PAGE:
But if any have caused grief, he hath not grieved me, but in part: that I may not overcharge you all.(5) But if any have caused grief.—The man who had been the chief cause of his sorrow is now prominent in his thoughts. He will not name him. He is, as in 1Corinthians 5:1-5, and here in 2Corinthians 2:7, “a man,” “such a one.” The abrupt introduction of the qualifying clause, “but in part,” and the absence of any authoritative punctuation, makes the construction ambiguous. It admits of three possible explanations: (1) “If any have caused grief, it is not I alone whom he hath grieved, but in part, to some extent—not to press the charge against him too heavily—all of you” They, the members of the Corinthian Church, were really the greatest sufferers from the scandal which brought shame upon it. (2) “If any have caused grief, he hath not grieved me, save in part” (i.e., he is not the only offender), “that I may not press the charge against all of you—so that I may not treat you as if you were all open to the same condemnation, or had all caused the same sorrow.” (3) Combining parts of (1) and (2): “It is not I whom he hath grieved, save in part, that I may not lay the blame on all of you.” Of these (1) seems the simplest and most natural. In any case, it is important to remember that the position of the pronoun in the Greek, “me he hath not grieved,” makes it specially emphatic.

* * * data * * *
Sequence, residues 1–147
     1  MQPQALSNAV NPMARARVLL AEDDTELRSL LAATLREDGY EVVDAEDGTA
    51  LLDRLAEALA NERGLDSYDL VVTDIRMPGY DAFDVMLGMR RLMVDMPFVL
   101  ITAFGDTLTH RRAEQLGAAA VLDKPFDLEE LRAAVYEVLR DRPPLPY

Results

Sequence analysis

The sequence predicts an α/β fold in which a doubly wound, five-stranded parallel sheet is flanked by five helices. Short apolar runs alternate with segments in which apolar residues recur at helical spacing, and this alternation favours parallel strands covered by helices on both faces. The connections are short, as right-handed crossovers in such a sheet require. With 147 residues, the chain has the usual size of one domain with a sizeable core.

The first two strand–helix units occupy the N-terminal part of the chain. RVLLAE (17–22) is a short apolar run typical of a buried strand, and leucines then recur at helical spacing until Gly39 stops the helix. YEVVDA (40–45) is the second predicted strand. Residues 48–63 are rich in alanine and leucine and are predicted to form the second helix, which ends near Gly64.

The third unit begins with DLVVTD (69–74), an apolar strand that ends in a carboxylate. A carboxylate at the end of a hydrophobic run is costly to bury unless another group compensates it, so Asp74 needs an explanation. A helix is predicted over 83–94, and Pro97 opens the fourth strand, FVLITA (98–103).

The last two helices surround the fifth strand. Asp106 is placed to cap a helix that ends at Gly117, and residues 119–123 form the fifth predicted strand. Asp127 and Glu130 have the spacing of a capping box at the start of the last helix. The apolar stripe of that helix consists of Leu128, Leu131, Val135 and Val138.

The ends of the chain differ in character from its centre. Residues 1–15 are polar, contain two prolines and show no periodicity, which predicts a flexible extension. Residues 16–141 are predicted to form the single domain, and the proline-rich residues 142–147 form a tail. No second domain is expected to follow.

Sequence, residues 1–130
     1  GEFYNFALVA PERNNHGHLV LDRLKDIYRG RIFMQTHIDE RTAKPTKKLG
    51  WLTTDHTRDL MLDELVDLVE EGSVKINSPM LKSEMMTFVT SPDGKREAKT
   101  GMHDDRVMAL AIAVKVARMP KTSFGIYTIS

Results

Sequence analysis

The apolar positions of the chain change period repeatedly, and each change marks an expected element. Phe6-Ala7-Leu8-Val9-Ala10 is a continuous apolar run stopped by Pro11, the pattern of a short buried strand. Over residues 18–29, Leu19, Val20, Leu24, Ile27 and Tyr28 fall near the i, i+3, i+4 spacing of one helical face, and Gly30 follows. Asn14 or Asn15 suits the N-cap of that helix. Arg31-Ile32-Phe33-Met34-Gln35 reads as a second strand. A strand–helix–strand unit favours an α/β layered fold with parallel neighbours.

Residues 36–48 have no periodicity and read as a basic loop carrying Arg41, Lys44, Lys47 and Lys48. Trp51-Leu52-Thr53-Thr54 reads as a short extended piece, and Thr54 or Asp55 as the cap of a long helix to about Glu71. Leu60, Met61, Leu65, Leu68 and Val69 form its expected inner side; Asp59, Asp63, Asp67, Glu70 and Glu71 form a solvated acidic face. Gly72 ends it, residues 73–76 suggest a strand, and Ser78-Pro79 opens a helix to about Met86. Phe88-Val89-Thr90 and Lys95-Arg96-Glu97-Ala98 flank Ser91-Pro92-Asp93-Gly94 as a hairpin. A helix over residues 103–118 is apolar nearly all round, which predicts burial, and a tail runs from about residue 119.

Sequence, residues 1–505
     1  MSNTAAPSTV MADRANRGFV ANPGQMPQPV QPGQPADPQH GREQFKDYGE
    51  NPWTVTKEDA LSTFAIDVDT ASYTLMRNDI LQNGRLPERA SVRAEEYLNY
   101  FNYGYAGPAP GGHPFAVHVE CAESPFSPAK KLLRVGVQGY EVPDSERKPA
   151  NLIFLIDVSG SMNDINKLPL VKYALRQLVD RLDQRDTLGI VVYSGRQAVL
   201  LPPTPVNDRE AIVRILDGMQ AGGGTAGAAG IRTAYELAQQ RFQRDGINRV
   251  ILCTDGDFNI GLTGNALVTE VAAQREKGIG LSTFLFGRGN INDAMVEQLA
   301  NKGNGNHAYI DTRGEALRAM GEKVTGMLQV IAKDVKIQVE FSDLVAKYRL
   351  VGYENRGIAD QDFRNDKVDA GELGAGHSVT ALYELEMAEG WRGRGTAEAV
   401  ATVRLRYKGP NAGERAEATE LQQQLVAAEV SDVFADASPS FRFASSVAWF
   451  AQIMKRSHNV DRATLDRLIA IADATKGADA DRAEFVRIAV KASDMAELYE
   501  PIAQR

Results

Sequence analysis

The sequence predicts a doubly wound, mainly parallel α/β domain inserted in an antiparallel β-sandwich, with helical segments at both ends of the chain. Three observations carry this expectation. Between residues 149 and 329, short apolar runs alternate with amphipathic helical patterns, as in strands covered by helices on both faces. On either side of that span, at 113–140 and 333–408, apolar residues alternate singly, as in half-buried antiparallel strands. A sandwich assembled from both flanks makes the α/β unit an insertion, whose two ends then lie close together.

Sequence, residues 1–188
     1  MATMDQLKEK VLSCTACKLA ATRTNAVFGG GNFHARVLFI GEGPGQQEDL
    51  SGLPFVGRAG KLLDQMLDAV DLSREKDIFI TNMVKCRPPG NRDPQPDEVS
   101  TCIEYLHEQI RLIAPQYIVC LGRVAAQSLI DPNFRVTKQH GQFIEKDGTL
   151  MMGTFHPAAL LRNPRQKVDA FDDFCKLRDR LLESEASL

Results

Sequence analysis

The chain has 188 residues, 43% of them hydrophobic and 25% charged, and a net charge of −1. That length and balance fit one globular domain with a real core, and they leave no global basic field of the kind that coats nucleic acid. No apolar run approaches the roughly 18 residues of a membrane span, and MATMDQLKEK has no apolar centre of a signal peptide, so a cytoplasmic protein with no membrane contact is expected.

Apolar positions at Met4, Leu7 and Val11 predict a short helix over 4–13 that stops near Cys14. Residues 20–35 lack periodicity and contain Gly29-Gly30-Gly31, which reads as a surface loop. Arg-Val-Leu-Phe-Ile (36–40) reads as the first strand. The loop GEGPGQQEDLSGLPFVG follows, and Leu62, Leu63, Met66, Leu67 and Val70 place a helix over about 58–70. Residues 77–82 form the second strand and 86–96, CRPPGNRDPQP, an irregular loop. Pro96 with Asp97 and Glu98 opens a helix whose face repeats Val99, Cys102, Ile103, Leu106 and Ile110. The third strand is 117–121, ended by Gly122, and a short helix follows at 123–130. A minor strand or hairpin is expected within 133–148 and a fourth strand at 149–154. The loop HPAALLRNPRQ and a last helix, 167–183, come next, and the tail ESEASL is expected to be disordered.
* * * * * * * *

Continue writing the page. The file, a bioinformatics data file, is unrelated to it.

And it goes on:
Sufficient to such a man is this punishment, which was inflicted of many.(6) Sufficient to such a man is this punishment.—Better, perhaps, this censure, or rebuke: the Greek word epitimia being different from those in Matthew 25:46, and in Hebrews 10:29. It is natural to infer that this was somewhat after the pattern of the course marked out in 1Corinthians 5:3-5. A meeting of the Church had been held, and the man delivered to Satan. Possibly this was followed by some suffering of body, supernaturally inflicted, or coming as the natural consequence (not less divine because natural) of remorse and shame. It was almost certainly followed by ex-communication and exclusion from religious and social fellowship. St. Paul had clearly heard what it had been, and thought that it had been enough.
Which was inflicted of many.—Actually, by the majority. The decision, then, had not been unanimous. The minority may have been either members of the Judaising “Cephas “party, resenting what they would look upon as St. Paul’s dictation, and perhaps falling back on the Jewish casuistry, which taught that all the natural relationships of a proselyte were cancelled by his conversion; or the party of license, against whom the Apostle reasons in 1 Corinthians 6-8, and who boasted of their freedom. The Passover argument and the form of the sentence in 1 Corinthians 5 alike suggest the idea that the offender and those who defended him were Jews. On the other hand, see Note on 2Corinthians 7:12.
So that contrariwise ye ought rather to forgive him, and comfort him, lest perhaps such a one should be swallowed up with overmuch sorrow.(7) Ye ought rather to forgive.—The indignation which St. Paul had felt has passed, on his hearing of the offender’s state, into pity and anxiety. The time had come for words of pardon and comfort and counsel. What if he should be “swallowed up,” and sink as in the great deep of sorrow? Suicide, madness, apostasy, seem to float before his mind as but too possible results.